The session in which we talk about the serious health disparities caused by racism. There is a long history in our country of inequality in healthcare and Black, Indigenous and People of Color in the US are still more likely to be negatively impacted by many contributing factors including provider bias, unequal access, quality of living and other factors.
The session in which we discuss the current Housing Crisis with Occupy PHA organizer, Nadera Hood. Nadera has been advocating for the needs of people without homes for the past several years. She has organized successful protests urging the Philadelphia Housing Authority (PHA) to provide more adequate housing to people who need homes in the area.
The session in which we learn together about what happened to the area in Oklahoma that became known as Black Wall Street. If you don’t know, it was the Tulsa Race Massacre – when Black residents and business owners were viciously attacked by an angry white mob. We only heard of it recently and indirectly when a political rally was being planned to take place in Tulsa on the anniversary of this horrendous event. Doing some research, we found that even the Oklahoma educational curriculum did not include this as part of history. Nobody wanted to talk about it or have it be known. We’re doing our part to change that.
We begin our 3rd season journey into learning and uncovering as much as we can about our truthful past with RedLining – a practice that purposely maintained segregation through discrimination in lending. We discuss its racist history, how it promoted both segregation and the wealth gap, and the continued forms it takes even today.
A couple of books we mentioned to learn more about RedLining:
Race for Profit: How Banks and the Real Estate Industry Undermined Black Homeownership by Keeanga-Yamahtta Taylor
The Color of Law: A Forgotten History of How our Government Segregated America by Richard Rothstein
An After Hours session with Allison Gibbs, LCSW (Therapy Concierge, LLC) focusing on the Coronavirus health disparities highlighted in the news. We first debunk a very offensive and baseless idea that this is because of some biological predisposition to the novel coronavirus among Black people, and talked more sanely about why these inequities truly exist and why we’re seeing them right now. Not the most lighthearted of our After Hours conversations, but it’s always a positive experience to open up in heartfelt dialog with Allison.
The session in which we speak with Kimberly McGlonn, Ph.D. about her brand, Grant Blvd and the ways she works to challenge economic injustice and marginalization. Dr. McGlonn launched Grant Blvd – named for the Milwaukee street where she grew up – as a sustainable design brand creating pathways to employment for people with a history of incarceration. All of their original and stylish garments are made from reclaimed fabrics, and through her brand, Kimberly works to advance the collective good of both people and the planet.
You can learn more on her website; you can also shop there! Fyi – they’re also making and selling masks right now.
The session in which we spoke with Selena Alonzo, J.D. a public defender in Maryland. Selena is a Mexican-American and was strongly influenced by her family experience of having several of the most important men in her life (grandfather, uncles, cousin) incarcerated for various reasons. Selena holds deep knowledge of the effects of incarceration on people and their families. Knowing that the truest solution will be systemic change in our criminal justice system, Selena uses her law degree to work within the system to help change a potentially negatively spiraling life course for people as best she can.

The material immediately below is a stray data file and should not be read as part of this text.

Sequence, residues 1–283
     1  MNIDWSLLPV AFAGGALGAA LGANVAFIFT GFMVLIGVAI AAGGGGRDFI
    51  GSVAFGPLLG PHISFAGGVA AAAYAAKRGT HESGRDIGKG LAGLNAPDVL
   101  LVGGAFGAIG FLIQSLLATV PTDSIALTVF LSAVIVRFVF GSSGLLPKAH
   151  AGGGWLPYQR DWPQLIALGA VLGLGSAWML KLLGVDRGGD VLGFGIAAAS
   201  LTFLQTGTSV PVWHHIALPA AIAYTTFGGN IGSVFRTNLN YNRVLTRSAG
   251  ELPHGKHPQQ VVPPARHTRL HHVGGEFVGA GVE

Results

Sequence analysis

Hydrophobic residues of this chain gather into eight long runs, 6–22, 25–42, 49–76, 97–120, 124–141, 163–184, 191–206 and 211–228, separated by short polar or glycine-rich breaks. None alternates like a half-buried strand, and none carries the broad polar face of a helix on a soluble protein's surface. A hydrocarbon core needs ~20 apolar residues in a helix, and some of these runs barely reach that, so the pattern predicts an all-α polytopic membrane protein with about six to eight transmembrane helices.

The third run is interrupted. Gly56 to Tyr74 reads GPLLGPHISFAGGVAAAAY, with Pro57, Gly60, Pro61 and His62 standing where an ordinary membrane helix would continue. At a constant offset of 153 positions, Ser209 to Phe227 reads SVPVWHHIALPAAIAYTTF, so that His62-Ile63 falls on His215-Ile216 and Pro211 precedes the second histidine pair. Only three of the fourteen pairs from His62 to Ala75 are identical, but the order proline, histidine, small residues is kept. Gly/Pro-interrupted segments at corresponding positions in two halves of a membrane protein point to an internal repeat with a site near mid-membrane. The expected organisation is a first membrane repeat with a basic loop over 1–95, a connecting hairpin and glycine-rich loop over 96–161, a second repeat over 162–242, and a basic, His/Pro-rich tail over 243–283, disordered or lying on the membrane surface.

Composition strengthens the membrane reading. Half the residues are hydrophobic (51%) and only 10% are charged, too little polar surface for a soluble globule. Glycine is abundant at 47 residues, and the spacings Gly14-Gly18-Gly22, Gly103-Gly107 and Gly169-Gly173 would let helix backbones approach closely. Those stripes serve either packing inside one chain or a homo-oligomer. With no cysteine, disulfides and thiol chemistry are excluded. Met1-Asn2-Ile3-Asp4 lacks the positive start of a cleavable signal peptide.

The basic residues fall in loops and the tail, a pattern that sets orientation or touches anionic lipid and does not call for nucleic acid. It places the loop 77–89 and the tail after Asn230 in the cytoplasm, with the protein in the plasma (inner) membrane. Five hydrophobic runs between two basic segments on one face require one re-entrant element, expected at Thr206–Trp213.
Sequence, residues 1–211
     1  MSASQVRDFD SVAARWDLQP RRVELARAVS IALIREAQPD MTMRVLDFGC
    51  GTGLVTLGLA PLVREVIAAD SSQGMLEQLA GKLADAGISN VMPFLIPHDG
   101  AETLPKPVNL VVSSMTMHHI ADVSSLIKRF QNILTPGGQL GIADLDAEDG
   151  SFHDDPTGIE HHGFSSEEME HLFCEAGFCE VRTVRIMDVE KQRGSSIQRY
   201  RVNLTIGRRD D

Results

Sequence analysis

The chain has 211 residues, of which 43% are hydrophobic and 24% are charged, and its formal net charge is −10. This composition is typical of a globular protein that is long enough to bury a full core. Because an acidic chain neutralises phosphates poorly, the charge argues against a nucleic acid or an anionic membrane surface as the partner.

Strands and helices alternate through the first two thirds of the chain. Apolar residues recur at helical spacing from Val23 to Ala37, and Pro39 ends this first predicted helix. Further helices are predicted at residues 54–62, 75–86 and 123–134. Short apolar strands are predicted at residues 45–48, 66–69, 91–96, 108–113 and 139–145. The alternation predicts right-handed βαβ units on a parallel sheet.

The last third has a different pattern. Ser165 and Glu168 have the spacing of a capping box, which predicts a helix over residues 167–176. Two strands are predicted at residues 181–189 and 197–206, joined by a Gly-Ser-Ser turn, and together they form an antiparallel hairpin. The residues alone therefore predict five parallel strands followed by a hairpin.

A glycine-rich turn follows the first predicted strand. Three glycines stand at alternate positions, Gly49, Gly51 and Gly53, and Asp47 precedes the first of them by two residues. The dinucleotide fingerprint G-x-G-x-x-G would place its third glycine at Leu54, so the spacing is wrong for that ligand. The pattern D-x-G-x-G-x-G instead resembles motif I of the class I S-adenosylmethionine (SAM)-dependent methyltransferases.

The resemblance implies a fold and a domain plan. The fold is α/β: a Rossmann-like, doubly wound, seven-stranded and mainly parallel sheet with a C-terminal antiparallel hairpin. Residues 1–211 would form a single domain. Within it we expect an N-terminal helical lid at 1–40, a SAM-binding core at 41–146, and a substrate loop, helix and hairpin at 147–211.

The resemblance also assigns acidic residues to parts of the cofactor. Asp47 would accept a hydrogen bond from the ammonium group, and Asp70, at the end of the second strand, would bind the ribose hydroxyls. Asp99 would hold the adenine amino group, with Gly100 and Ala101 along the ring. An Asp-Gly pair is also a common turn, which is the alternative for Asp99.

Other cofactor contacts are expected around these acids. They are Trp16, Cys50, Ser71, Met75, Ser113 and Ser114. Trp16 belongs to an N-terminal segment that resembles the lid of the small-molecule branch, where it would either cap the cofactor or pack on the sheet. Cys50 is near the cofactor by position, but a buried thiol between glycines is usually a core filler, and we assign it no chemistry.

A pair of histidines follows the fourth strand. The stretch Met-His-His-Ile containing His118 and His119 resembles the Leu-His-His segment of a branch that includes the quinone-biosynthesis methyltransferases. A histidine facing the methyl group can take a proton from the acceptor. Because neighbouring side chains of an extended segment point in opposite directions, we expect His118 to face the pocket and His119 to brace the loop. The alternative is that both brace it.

We spoke with Selena just as the pandemic began to shut down the nation and asked for an update – this update also needs an update as we received it on March 25, 2020 but is interesting nonetheless:
The session in which we talk with Cheri Honkala, co-founder of the Poor People’s Economic Human Rights Campaign (PPEHRC). Cheri was removed from her Mother’s home as a girl and raised in foster care. She later attended college and had a child of her own. After experiencing homelessness as a single mom due to unfortunate circumstances, Honkala realized her Mother was not ‘bad’ after all; She was struggling in a society that offered no resources. Cheri has been organizing poor and homeless people for over 30 years and is now a General in the Poor People’s Army.
The session in which we chat with 3 passionate team members from the North Philadelphia Peace Park. The NPPP is a charitable eco-campus providing free education, health & wellness, and produce programs to the Philadelphia Community. We chatted with Nyasha Felder, Li Sumpter, and Bird – each bringing different knowledge, skill, and perspective to their volunteer work at the NPPP.
The Peace Park has recently launched a project campaign to get their planned Peace Pavilion completed. To learn about it and donate please visit: https://ioby.org/project/north-philly-peace-park-peace-pavillion-project
The session in which we chatted with Brandy Ryan,JD, staff attorney at the National Law Center on Homelessness and Poverty in Washington, DC. Brandy is a strong advocate for people experiencing homelessness and her work focuses right now on homelessness and education. Nobody should have to live without a home to live in. There’s just no place like a home.
Check out the National Law Center on Homelessness and Poverty nlchp.org. According to the website:
“Given close quarters, compromised immune systems, and an aging population, people experiencing homelessness are exceptionally vulnerable to communicable diseases, not excluding the current outbreak of coronavirus, COVID-19”
You can read more about the impact of coronavirus on homelessness at nlchp.org.